The Christian think tank Ekklesia has renewed its call for the repeal of the UK's archaic blasphemy laws, last made in November 2007 in the wake of an attempt by an individual to seek judicial review in the High Court for an attempted private prosecution against the BBC for broadcasting 'Jerry Springer - The Opera'.
An amendment to abolish the offences of blasphemy and blasphemous libel has been tabled by Evan Harris MP to the Criminal Justice and Immigration Bill this week (7 January 2008), and the issue is drawing support from people of all faiths and none.
Blasphemous libel claims can still be brought against the publication of any matter that insults, offends, or vilifies Christ or the Christian (principally Anglican) religion - whether the publication intended to be blasphemous or not.
"Human rights advocates, including people of faith, have quite rightly campaigned against blasphemy laws in Pakistan and other countries, and having them on the statute in the UK is both an offence and an anachronism", said Ekklesia co-director Simon Barrow.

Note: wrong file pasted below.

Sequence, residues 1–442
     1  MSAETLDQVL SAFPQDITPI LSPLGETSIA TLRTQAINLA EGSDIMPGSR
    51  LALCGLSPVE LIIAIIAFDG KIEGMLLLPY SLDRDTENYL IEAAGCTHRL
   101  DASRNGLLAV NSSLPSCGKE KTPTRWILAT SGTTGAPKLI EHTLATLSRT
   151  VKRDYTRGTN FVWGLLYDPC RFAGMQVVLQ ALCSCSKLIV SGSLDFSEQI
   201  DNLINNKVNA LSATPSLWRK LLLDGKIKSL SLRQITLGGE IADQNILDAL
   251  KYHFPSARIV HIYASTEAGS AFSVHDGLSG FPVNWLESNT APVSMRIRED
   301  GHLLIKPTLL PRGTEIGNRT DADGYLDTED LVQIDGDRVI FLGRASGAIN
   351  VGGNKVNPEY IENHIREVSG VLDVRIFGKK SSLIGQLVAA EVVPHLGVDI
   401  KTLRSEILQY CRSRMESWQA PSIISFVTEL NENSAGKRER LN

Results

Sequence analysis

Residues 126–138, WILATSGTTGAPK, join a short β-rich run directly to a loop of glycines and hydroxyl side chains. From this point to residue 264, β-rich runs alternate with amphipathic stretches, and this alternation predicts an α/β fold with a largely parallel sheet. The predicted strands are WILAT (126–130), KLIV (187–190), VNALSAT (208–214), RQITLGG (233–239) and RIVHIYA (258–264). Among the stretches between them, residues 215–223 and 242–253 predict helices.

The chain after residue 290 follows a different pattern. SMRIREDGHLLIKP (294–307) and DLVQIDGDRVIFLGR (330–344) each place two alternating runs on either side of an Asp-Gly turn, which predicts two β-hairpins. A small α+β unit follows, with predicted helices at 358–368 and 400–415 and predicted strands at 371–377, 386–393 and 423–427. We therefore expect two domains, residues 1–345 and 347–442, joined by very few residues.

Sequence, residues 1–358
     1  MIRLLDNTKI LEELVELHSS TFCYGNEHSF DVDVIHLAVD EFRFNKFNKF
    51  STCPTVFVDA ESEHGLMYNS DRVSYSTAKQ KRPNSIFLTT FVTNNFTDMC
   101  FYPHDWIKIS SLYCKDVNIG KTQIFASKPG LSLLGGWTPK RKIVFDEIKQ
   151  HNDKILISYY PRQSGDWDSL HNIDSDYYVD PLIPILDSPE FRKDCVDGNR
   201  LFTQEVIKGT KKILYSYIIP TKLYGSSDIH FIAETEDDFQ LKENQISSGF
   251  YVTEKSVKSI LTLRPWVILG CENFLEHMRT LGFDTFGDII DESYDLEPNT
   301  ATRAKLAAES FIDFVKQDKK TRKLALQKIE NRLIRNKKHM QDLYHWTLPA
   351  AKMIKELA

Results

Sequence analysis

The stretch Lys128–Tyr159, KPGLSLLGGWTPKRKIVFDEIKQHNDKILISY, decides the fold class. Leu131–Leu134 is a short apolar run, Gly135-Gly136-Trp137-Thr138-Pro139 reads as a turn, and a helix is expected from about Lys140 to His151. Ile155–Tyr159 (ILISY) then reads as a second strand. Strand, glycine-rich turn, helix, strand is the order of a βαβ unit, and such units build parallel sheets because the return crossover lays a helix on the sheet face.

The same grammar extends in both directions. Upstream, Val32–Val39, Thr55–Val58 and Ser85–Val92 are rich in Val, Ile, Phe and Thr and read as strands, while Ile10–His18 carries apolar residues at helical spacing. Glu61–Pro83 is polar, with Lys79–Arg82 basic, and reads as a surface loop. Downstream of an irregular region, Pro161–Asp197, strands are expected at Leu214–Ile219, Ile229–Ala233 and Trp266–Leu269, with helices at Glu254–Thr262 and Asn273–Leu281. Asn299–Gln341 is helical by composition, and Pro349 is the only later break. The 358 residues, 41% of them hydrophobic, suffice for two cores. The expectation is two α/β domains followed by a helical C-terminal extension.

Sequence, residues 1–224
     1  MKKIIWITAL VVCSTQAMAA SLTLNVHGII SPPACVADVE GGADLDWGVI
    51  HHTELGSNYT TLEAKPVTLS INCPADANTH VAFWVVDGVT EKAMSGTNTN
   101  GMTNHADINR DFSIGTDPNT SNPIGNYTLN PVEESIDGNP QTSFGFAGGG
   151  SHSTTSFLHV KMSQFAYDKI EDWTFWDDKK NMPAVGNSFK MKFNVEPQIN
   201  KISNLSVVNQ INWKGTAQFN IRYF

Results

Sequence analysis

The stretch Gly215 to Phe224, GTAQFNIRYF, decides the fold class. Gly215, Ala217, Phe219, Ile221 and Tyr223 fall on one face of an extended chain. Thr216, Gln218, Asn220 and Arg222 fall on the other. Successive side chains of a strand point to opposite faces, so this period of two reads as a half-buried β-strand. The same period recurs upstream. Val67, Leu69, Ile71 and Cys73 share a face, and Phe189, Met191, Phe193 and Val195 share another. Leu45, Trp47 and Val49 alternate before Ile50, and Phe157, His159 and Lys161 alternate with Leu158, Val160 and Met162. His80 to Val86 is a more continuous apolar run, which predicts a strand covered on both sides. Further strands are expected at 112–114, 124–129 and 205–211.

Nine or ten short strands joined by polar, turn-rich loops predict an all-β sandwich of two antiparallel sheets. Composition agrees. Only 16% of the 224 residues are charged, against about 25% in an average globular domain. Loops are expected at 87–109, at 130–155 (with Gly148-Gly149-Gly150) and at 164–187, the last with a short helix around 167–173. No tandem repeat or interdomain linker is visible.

He adds: "Privileging one religion above other views is indefensible in a democracy, and for Christians there is the added irony that Christ was himself arraigned on a charge of blasphemy. Using the law to attack opinions about belief is to misuse it, and suggesting that God needs protection against free speech makes no theological sense at all."
"The Christian message is about the power of self- giving love, not the love of one's own power. This is why it is wrong religiously as well as legally and democratically", says Barrow.
Others who have spoken out against blasphemy laws include the former Archbishop of Canterbury, Lord Carey of Clifton, a noted religious conservative, responding to comments by Ekklesia co-director Jonathan Bartley on BBC1's Sunday morning current affairs and religion programme, 'The Big Questions' last year (25/11/07).
Ekklesia also shares the view of leading civil rights group Liberty that the offence of blasphemy violates Article 10 of the European Convention on Human Rights protecting free speech.
The campaign argues that it should also be decriminalised in English law because of its lack of legal certainty, as the Irish Supreme Court in Corway versus Independent Newspapers held in 2000 demonstrated.